Loophole in new interrogation rules leaves most West Bank kids unprotected

Oct 16, 2014
Israeli forces detain a Palestinian boy following a protest on September 26, 2014, in the village of Silwad, north of Ramallah.

Ramallah, October 16, 2014­—Military Order 1745 came into effect on September 10, 2014, establishing specific requirements regarding audio-video recording and the language used during interrogations of Palestinian children by Israeli police in the occupied West Bank.

While the new order appears to implement significant changes to procedures for interrogating Palestinian children, it does not apply to children suspected of committing “security offenses” such as throwing stones.

According to the new order, interrogations by Israeli police involving a child must be conducted in the child’s own language, documented in writing in the language of the interrogation, and audio or video recorded where the interrogation is not being documented in the child’s own language, i.e., questioning in Arabic and a statement drafted in Hebrew. The order also requires video recording for offenses carrying a maximum sentence of more than 10 years.

Importantly, the utility of the new order is severely restricted because the provisions do not apply to a child suspected of committing a security offense as detailed in Military Order 1651, which nearly all children arrested by Israeli forces and interrogated by Israeli police are alleged to have committed.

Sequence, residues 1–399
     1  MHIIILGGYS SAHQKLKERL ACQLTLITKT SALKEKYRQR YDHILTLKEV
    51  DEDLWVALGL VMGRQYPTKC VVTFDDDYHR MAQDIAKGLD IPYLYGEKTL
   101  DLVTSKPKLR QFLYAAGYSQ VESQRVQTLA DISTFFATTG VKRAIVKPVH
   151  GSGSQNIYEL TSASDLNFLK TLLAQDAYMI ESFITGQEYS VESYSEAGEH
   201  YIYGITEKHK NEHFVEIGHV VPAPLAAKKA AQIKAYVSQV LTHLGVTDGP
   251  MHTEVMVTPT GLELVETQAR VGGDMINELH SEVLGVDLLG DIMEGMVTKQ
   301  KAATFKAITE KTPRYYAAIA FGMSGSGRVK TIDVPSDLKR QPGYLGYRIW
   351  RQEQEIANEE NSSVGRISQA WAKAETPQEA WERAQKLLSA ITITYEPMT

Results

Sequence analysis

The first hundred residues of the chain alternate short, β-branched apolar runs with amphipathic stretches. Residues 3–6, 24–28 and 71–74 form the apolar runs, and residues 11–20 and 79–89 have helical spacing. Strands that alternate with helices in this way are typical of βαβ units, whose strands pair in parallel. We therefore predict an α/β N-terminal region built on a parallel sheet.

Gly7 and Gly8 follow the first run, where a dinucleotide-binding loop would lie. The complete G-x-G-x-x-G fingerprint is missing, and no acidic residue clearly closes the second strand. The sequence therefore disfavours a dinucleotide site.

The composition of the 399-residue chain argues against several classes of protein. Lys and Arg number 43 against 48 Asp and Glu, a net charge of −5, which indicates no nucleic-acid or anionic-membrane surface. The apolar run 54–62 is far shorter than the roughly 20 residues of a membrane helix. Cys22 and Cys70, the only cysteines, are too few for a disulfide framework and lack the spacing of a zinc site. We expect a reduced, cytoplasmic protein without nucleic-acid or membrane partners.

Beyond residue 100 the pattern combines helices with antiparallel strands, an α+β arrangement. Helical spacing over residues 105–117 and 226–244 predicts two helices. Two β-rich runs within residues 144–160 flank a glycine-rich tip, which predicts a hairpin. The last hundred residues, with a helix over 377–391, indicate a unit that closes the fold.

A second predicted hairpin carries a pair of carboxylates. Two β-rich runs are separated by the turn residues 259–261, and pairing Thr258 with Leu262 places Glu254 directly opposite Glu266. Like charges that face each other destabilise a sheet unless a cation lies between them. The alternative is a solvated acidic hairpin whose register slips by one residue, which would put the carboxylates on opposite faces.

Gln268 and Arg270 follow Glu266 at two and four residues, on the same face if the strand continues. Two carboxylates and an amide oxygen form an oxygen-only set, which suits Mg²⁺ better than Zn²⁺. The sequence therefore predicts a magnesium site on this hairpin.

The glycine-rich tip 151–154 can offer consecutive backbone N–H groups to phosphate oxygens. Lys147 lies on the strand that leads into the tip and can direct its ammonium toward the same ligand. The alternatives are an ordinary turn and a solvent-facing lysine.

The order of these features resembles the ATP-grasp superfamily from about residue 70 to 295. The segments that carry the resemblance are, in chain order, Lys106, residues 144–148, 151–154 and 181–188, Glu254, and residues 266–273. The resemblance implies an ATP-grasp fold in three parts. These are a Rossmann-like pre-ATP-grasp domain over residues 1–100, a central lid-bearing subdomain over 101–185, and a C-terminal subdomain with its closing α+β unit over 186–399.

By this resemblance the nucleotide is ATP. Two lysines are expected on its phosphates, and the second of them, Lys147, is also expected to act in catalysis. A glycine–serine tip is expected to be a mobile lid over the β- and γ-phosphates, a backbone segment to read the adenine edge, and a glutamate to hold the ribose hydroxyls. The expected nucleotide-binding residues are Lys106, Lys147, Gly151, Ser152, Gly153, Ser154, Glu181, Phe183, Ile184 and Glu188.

“Military Order 1745 is the latest attempt by Israeli authorities to provide cosmetic legal improvements that in the end have zero practical impact,” said Ayed Abu Eqtaish, Accountability Program director at DCI-Palestine. “The new order details specific procedures for improving protections for children during interrogations, yet the provisions will rarely be implemented because the order exempts their applicability to interrogations where ill-treatment and due process violations occur in a widespread and systematic manner.”

Israel is the only country in the world that systematically prosecutes children in military courts. Palestinian children, some as young as 12 years old, are detained, interrogated and imprisoned within the Israeli military detention system.

Following the 1967 occupation of the West Bank, including East Jerusalem, Israel declared martial law and empowered the military commander in the region with executive, judicial and legislative authority over the Occupied Palestinian Territory. Israeli military law, comprised of over 1700 military orders, fails to ensure and denies basic and fundamental rights to the Palestinian population and remains in effect today.

While Israeli military law applies to any individual located in the Occupied Palestinian Territory, Israeli settlers living in the West Bank are subject to the Israeli civilian and criminal legal system.

Palestinian children arrested by Israeli forces are most commonly charged with stone throwing, which is deemed a “security offense” under Israeli military law, specifically Military Order 1651.

In 23 percent of cases in 2013, children were either shown, or made to sign, documentation written in Hebrew, a language they do not understand, according to evidence collected by DCI-Palestine.

International juvenile justice standards, which Israel has obliged itself to implement by signing the UN Convention on the Rights of the Child in 1991, demand that children should only be deprived of their liberty as a measure of last resort.

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